It’s all but impossible to describe the level of disappointment we both had by the end of the album, but I’ll try. By the final notes of The Brazilian, we both were slumped over, silent, wondering what the Hell happened to our favorite band.
Yes, Genesis had gone pop with Abacab, but that album and the Genesis album that followed still had depth and darkness to the music. Here … it was like the band flipped the dance-pop switch. You practically could hear the coke use in the polished gloss of the Eighties synth sound that Genesis adopted in place of its previous more hallucinogenic Seventies synth sound.
Wordlessly, I removed the offending record from the turntable and slipped it back in the album cover. Then Scott and I went out to play some Horse and played like we felt. We couldn’t make a shot, didn’t want to make a shot, seemingly lost the will to live. Scott said later it was like the crappiness of the album affected our play.
At the end of the day, when I returned to my grandparents’ home where I stayed that the summer, I left the album in the foot well of the back seat of the Tragic Mazda. I didn’t even bother to take it inside to put with the rest of my records.
Days turned into weeks. Scott’s broken wrist (good ol’ No. 88) effectively ended our basketball for the rest of the summer, although toward the end of his time on the DL, Scott originated the Cast Move, where he’d dunk one handed with a loud clunk as plaster hit steel. Needless to say—but I’ll say it anyway—he didn’t make me replicate the shot in every detail.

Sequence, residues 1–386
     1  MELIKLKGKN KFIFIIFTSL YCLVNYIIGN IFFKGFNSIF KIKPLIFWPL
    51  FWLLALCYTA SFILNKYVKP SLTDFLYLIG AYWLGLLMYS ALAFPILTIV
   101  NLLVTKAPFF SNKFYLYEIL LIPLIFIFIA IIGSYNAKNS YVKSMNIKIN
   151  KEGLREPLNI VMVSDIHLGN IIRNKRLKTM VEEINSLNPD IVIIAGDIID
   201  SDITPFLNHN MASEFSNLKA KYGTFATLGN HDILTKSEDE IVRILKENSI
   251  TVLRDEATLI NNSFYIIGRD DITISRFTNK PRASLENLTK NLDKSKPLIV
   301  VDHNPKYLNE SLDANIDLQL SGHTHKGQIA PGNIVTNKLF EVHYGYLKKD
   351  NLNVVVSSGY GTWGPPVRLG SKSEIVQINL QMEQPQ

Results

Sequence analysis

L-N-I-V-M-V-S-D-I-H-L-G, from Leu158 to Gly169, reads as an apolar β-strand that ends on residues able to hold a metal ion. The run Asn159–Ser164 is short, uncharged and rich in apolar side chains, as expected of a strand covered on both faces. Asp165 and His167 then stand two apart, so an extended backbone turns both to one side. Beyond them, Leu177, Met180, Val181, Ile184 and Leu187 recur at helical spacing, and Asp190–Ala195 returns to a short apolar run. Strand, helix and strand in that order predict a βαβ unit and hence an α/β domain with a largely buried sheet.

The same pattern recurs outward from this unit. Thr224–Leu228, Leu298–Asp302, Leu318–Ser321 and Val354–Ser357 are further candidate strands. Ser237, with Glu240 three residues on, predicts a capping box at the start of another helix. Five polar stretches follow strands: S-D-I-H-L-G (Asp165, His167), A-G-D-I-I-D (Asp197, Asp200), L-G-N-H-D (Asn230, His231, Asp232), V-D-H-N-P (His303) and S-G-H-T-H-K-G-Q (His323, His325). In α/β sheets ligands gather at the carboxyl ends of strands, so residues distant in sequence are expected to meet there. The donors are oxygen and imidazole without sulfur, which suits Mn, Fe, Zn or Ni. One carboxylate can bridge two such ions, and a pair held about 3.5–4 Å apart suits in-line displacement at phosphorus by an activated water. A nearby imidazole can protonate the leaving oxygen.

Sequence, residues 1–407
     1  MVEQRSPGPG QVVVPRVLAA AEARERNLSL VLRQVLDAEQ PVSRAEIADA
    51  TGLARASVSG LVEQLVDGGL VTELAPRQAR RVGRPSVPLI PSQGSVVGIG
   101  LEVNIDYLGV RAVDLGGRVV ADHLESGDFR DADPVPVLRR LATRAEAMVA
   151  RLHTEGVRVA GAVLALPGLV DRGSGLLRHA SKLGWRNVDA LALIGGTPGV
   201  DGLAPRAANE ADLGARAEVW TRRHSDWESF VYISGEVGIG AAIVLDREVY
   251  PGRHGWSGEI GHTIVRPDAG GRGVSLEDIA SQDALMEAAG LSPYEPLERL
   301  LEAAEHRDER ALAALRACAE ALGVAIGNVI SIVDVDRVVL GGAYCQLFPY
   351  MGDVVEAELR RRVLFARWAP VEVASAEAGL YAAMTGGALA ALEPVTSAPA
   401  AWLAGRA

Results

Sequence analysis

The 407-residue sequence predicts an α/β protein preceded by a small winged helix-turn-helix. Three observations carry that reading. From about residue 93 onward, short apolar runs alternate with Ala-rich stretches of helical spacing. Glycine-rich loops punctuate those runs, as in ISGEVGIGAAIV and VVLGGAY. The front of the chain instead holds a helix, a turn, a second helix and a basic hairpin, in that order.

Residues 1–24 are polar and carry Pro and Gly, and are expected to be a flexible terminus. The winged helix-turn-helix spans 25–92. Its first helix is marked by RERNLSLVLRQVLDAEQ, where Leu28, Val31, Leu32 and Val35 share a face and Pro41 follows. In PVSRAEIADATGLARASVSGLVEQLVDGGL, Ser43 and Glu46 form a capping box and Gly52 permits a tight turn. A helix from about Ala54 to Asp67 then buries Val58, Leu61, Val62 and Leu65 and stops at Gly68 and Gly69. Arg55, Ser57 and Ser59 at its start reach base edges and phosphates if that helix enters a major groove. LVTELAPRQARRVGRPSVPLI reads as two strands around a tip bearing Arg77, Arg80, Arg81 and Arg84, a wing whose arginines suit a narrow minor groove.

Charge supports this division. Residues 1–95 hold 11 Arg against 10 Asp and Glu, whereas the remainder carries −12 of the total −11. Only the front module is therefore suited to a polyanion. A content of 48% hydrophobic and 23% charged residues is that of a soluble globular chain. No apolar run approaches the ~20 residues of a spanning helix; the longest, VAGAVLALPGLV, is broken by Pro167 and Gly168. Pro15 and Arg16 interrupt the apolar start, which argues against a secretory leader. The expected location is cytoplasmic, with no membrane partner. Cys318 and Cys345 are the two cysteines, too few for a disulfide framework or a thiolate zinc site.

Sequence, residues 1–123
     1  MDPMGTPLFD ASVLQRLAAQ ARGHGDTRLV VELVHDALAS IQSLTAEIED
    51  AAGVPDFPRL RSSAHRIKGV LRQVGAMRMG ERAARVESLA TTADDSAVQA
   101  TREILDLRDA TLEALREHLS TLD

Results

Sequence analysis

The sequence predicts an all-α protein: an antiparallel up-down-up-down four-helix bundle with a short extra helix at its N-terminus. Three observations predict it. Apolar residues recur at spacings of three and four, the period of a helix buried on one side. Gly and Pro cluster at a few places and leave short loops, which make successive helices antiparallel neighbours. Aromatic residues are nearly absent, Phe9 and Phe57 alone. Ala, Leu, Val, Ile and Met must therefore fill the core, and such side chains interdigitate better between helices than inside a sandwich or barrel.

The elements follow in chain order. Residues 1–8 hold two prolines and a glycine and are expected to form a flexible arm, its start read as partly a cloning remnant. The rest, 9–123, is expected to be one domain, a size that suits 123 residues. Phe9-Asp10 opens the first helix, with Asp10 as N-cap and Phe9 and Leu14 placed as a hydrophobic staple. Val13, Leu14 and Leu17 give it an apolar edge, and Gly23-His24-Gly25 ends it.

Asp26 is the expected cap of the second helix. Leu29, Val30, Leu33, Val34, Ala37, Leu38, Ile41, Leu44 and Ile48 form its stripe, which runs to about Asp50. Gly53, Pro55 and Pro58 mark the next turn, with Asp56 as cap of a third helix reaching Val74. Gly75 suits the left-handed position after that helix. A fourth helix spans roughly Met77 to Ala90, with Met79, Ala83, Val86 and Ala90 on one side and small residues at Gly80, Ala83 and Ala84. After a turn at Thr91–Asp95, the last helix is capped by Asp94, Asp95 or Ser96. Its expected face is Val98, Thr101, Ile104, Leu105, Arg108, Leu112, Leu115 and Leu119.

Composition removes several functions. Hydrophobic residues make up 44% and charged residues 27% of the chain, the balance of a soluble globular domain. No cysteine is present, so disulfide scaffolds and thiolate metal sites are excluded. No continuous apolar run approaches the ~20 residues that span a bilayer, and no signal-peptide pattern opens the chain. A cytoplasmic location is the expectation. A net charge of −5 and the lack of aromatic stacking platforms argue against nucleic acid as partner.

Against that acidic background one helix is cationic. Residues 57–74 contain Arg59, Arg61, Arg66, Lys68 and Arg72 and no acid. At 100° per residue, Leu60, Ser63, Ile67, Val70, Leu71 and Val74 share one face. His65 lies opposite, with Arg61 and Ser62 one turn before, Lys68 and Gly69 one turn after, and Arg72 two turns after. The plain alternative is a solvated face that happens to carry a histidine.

Finally, one day, I decided to pull Invisible Touch out of its purgatory in the back of my car and give it another try. I don’t remember whether anything in particular compelled me to do this other than maybe a different day, with lowered expectations, I might form a different opinion.
I noticed, however, that a month of sitting in a car in the middle of summer warped the record, although not enough to where it wouldn’t play at all. (I was surprised it still was playable, honestly.) Invisible Touch, the song, still sucked, but the next song, Tonight, Tonight, Tonight wasn’t that bad.
As I listened, I tried to imagine what the song would sound like live—and, better, what it looked like on stage. I decided Tonight, Tonight, Tonight probably would be pretty cool live—a lot of fog and lighting effects. Yeah, OK, that works. I like that one.
The rest of the album, under a similar review, sounded a lot better, although it still didn’t measure up to the admittedly high standards I had going in. About a week later, I told Scott I gave the album another chance, and it was OK, particularly that song Tonight, Tonight, Tonight (subsequently dubbed T-cubed). He was dubious but said that when I left for Northwestern, he’d give it another chance. He came around to my way of thinking.
The final conversion happened when I saw Genesis do almost all of the songs on the album live for the first time in September 1986 (good ol’ No. 409). Domino sounded really good. Heck, even The Brazilian was successfully rehabilitated. (Invisible Touch itself, however …)
But Tonight, Tonight, Tonight was the special effects winner of the night, as I suspected it could be when I reappraised the album. It was even better live than on the album, and by the end of Genesis’ tour the following year, it had become one of my favorite Genesis songs … although, for some reason, they decided not to play it in Cleveland in February 1987. But then, you already know that story.